I often read that people believe that human vision has an inherent frames-per-second rate (FPS) that causes stroboscopic effects - such as seeing the spokes of a rotating wheel apparently rotating at a different speed or appearing stationary when moving.

For example: in a Physics.SE answer to Can a “superhuman” move so fast that an average person cannot see them?

The human eye-brain visual refresh rate has an "effective frame rate" of around 30fps.

Have you never watched the rims of the wheel in a car next to yours? I can clearly recall many times watching as the wheels sped up how it appears to stand still then move backwards.

This surprises me as I would expect there is no synchronisation of neuron firing in the retina, that neuron firing rates would vary widely depending on light levels and that the brain has no need to process the continuous signals in fixed cycles or in cycles whose length is invariant.

I believe this question, or a good answer to it, would differ from What is the equivalent of shutter-speed in Human eye?

Is human vision in any way subject to a fixed frame rate of 30 FPS?


Short answer: no, there is no fixed frame rate or frame-based processing in mammalian vision.

Photons arriving at the photoreceptors at the back of the human retina interact with photo-sensitive pigments called opsins, and modulate their release of the neurotransmitter glutamate . The level of glutamate released from a photoreceptor then changes the membrane potential of the other neurons in the retina connected to the photoreceptor (bipolar cells, for instance). Signals are processed within the retina, then passed through retinal ganglion cells (RGCs), along the optic nerve, through sub-cortical structures and in to visual cortex.

This process occurs continuously, but all of the elements along the way have intrinsic time constants and other temporal constraints (number of photons required for opsin activation; recovery rate of the opsins in the photoreceptors; membrane time constants and refractory periods of neurons; synaptic delays; etc.). Persistence of vision (the effect underlying the perception of a movie as a continuous stream rather than a series of distinct frames) probably relies on the conjunction of many of these time constants.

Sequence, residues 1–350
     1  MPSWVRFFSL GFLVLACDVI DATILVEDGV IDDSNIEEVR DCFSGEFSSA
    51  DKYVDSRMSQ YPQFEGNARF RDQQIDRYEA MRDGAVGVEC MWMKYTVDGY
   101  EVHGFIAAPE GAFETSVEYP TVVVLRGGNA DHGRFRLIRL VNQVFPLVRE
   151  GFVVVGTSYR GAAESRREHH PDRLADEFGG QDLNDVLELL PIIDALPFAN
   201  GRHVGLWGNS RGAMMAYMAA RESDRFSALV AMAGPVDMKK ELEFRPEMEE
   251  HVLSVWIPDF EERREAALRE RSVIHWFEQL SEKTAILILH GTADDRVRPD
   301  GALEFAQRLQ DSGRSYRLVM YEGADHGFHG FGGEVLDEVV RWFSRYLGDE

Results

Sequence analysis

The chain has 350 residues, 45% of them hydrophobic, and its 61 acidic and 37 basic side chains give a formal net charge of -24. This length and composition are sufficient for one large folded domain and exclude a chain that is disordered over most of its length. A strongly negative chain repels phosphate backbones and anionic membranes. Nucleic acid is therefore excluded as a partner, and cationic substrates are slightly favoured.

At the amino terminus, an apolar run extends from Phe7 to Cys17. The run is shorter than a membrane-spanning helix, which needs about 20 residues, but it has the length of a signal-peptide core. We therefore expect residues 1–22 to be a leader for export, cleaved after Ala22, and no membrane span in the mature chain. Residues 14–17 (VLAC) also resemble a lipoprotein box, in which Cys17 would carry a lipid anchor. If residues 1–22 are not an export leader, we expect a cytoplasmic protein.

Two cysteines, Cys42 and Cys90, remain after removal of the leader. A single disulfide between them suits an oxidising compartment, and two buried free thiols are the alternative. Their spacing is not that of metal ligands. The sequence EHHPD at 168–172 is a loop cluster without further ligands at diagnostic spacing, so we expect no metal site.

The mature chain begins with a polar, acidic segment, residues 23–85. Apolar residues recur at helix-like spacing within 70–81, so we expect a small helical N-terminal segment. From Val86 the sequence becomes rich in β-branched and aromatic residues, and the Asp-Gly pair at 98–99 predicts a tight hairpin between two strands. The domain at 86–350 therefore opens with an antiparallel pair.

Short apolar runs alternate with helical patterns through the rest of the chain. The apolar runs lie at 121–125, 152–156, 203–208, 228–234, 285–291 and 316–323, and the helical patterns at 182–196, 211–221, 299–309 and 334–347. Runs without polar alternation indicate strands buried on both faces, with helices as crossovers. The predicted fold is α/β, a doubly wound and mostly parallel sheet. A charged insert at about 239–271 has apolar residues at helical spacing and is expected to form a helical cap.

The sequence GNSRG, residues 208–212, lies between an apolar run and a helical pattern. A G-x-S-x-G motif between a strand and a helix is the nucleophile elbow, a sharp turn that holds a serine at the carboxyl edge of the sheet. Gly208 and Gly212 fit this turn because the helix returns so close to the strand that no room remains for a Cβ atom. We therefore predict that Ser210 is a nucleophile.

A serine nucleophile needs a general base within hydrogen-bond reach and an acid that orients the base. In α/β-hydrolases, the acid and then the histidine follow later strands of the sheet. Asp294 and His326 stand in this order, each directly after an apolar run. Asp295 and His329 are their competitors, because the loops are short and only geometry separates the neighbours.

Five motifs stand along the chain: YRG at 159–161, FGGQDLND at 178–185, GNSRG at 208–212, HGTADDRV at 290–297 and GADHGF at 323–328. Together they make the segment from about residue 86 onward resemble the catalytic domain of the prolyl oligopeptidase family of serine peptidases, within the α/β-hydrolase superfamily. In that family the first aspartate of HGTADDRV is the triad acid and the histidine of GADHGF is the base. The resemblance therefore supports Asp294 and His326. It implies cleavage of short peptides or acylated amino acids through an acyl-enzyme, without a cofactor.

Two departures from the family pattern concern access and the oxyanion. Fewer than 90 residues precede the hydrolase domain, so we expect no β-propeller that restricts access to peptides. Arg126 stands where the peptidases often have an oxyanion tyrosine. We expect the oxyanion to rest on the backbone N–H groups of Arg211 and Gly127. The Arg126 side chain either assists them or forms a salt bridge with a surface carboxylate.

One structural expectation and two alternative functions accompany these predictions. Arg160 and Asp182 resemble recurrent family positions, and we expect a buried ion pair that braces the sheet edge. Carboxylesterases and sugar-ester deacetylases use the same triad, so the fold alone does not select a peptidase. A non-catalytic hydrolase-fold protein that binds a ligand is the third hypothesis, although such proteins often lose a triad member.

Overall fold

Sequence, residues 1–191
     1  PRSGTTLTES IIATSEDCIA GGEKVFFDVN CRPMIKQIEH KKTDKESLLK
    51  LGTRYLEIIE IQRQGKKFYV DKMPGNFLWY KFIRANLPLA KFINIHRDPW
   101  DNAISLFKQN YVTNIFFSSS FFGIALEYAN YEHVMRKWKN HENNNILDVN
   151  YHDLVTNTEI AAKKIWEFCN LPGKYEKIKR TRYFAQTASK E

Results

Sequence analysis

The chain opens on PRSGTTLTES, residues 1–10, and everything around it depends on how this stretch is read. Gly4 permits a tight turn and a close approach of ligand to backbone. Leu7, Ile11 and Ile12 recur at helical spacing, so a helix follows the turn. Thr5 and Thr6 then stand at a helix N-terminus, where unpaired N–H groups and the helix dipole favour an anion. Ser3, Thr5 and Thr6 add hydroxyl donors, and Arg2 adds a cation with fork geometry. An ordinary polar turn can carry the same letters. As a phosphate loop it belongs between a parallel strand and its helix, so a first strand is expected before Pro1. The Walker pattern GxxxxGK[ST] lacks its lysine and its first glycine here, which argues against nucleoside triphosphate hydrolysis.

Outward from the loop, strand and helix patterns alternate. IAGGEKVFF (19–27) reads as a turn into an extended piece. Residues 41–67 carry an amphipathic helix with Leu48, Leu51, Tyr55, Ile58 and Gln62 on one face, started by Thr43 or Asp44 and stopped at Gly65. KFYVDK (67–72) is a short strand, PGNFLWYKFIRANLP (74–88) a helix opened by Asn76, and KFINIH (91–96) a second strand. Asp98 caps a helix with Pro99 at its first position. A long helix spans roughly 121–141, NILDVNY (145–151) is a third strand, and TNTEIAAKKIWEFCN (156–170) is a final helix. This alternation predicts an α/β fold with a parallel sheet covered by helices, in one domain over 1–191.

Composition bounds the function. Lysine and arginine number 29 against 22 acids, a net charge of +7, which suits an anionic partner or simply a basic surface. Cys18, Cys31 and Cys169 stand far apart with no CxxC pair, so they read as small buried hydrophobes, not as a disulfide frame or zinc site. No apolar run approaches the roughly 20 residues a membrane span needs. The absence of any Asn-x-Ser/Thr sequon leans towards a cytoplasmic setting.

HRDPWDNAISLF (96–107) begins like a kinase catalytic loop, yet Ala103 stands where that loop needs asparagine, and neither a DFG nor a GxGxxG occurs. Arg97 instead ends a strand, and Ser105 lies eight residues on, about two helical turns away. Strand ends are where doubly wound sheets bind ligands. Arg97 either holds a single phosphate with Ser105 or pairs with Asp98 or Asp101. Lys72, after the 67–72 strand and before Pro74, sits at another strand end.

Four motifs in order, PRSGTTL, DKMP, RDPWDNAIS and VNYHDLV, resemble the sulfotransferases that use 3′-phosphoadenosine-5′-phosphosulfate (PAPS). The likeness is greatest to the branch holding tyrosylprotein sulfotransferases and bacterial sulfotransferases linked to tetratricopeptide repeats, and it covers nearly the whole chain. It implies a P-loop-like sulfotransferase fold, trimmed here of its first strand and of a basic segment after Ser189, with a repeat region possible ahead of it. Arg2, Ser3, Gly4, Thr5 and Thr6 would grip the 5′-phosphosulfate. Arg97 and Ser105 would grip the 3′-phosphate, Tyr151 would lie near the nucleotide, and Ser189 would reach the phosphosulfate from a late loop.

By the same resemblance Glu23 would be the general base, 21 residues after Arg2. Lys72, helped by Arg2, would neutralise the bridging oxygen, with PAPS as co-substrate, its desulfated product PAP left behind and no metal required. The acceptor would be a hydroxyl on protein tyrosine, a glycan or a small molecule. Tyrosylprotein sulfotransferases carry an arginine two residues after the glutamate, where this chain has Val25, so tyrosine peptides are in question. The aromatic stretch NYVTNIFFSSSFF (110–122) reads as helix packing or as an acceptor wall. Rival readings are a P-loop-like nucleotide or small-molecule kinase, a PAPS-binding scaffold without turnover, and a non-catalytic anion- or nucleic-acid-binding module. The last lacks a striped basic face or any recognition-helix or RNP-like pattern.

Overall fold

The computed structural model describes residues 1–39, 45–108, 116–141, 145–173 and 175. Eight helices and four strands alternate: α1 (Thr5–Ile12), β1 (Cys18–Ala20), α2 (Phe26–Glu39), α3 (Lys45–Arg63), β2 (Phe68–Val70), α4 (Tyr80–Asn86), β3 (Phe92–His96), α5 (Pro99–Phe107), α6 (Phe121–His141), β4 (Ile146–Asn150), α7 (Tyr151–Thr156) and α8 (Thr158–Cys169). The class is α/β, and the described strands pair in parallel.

Concretely, a flashed visual stimulus produces a response in (primate) visual cortex after around 30–50 ms (Maunsell and Gibson 1992). You can recognise and subsequently recall a lot of detail from a sequence of images flashed at around 100–150 ms per image [citation needed]. These are still not hard and fast definitions of the "speed" of vision.

Since we only learnt to produce movies as sequences of distinct frames, it's tempting to guesstimate the speed of human vision in those terms. Biology, as always, is more complicated.

As far as the "spinning rims" issue goes, there are many aspects of cortical and subcortical activity that tend towards oscillatory activity. In a system with an intrinsic frequency (for example, the neurons in the thalamocortical loop between LGN and primary visual cortex), providing an oscillatory stimulus can synchronise the system to the stimulus.

Many of the intrinsic time-constants I described above could result in a tendency to oscillate at some intrinsic frequency, and then be subject to phase locking due to a periodic stimulus close to that frequency.


While in human made cameras light sensor and any image processor are separate devices, in the living eye the first steps of image analysis begin in retina already as light sensing cells are part of the nervous system. The optic nerve carries pre-processed information and not the encoded original image to the brain. This pre-processed information is not segmented into frames.

The "image processing system" of the human vision would generalize a presented sequence of frames into logical continuous movement, even if the frame rate is as low as few FPS only. This does not mean the eye cannot see that is going on. Frame rates as high as 120 FPS are required to reach the inertia limits so that the flickering really cannot be seen.


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